Just weeks after the National Union of Metalworkers of SA (Numsa) achieved its ‘victory’ over South African Airways (SAA), scoring a 5.9%, wage increase, the national carrier has been placed under business rescue.
Numsa and the South African Cabin Crew Association (Sacca) were on strike for eight days over wages and possible retrenchments. This forced the already financial burdened airline to ground several flights and resulted in bookings being cancelled, among its other problems. According to SAA, the strike cost it R52 million a day.
The cash-strapped national carrier had been in a dire state since 1999 due to mismanagement and government interference. It last released annual financial statements two years ago.
The strike created the perfect storm for the airline to go into business rescue after it had been considering it for about three months.
Jannie Rossouw, professor of economics and head of the School of Economic and Business Sciences at the University of the Witwatersrand, says though SAA has had financial problems for years, the strike was “the straw that broke the camel’s back”.
“The strike action definitely forced the government’s hand on this one and they went into business rescue, so trade unions should be careful in their demands,” says Rossouw. “This is a very serious lesson.”
In a statement released on Sunday, Minister of Public Enterprises Pravin Gordhan said the strike had damaged the airline’s reputation and that it would need to go through “radical restructuring” to ensure its operational sustainability.
Funding process interrupted
SAA was in the process of trying to secure a R2 billion loan with a government guarantee in order to keep it in the air, which is what lenders were looking for in their recent negotiations with the airline.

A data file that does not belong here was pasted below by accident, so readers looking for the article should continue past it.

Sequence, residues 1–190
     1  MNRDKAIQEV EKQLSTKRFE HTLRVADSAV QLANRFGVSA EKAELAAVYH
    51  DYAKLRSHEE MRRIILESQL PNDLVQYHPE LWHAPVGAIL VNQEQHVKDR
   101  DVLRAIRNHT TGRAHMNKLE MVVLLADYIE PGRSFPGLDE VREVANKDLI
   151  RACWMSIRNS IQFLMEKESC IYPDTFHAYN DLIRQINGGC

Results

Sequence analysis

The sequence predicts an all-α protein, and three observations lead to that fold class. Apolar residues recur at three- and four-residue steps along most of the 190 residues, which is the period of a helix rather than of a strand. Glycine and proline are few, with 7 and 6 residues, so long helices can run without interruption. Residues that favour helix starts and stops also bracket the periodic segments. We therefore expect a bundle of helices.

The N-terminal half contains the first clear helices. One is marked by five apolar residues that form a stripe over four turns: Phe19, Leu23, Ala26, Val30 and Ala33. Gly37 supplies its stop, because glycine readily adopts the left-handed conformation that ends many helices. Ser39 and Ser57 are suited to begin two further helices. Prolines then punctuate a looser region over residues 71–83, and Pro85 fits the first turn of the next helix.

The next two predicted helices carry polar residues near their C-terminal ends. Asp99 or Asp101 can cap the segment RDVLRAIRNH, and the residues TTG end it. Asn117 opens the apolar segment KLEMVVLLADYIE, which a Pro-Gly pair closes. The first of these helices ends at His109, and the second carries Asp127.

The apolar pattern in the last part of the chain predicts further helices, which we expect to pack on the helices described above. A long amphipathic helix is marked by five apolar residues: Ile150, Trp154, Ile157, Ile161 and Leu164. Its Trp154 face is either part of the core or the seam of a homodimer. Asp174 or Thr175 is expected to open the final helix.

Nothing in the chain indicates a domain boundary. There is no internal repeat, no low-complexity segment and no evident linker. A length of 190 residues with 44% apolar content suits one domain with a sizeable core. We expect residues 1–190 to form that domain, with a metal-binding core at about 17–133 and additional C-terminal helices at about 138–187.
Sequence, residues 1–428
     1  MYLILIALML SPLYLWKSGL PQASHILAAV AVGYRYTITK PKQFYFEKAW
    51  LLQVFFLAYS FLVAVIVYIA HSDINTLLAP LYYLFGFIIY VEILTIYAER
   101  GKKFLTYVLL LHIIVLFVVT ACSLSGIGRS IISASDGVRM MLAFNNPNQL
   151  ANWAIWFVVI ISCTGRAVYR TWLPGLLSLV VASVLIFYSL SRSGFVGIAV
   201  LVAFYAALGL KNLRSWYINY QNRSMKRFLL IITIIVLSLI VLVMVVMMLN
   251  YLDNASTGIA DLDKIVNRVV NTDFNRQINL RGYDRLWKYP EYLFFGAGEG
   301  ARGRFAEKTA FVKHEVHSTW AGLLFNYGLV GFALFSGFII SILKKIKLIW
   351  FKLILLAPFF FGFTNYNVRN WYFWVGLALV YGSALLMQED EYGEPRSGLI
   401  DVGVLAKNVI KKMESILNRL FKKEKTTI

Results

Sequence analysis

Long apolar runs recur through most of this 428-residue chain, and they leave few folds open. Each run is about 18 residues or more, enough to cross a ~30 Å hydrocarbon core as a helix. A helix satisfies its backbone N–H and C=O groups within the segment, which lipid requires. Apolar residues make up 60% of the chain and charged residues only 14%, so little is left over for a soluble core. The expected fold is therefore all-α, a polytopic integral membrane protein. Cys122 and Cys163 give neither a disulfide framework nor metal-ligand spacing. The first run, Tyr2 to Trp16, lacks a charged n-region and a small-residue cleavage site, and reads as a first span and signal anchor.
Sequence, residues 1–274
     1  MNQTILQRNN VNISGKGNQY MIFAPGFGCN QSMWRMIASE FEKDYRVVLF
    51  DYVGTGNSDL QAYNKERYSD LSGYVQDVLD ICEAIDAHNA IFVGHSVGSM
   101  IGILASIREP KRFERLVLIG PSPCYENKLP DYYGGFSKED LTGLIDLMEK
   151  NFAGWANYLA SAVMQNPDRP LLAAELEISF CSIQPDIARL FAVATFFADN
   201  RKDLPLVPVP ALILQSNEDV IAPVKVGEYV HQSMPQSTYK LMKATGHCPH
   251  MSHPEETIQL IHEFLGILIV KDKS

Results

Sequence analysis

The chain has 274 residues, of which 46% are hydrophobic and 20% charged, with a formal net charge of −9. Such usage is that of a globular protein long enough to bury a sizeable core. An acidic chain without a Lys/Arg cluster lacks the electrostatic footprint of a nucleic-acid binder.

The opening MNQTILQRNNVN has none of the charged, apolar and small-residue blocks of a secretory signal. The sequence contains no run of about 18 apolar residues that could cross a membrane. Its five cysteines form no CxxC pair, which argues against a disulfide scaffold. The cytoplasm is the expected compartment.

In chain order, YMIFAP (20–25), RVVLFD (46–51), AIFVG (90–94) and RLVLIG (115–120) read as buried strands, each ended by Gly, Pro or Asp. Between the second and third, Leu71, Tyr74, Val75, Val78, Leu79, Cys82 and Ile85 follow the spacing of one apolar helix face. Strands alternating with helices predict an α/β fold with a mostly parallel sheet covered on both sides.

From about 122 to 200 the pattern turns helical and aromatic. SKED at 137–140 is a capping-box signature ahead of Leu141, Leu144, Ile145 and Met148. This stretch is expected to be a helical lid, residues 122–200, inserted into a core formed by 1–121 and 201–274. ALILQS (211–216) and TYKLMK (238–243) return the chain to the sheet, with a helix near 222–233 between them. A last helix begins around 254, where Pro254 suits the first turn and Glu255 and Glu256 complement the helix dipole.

Then the strike action hit, causing a delay in initialising the required R2 billion and at the same time increasing the amount of money needed.
The strike escalated SAA’s problems in the following ways:
- It caused jitters in the market and among passengers;
- As news of the liquidity crisis rippled through the aviation and allied markets, insurance companies began to cancel their underwriting of SAA tickets. International insurance companies also cancelled their underwriting of SAA tickets.
- The airline began to see a massive decline in new bookings.
For their part, the unions have yet to respond to the news of the airline going into business rescue. Numsa said it would put out a statement on the issue and Sacca also said it would address the matter later. At the time of publishing, neither union had responded to Monyeweb’s queries.
Meanwhile, SAA’s financial difficulty has left both its staff and passengers in a bind. The carrier battled to pay its employees in November – paying staff 50% of their salaries on time and the balance a few days later, and has accepted payments for tickets it might not be in a position to honour.
Listen to Duduzile Ramela’s interview with lawyer Ulrich Roux, director of Ulrich Roux and Associates: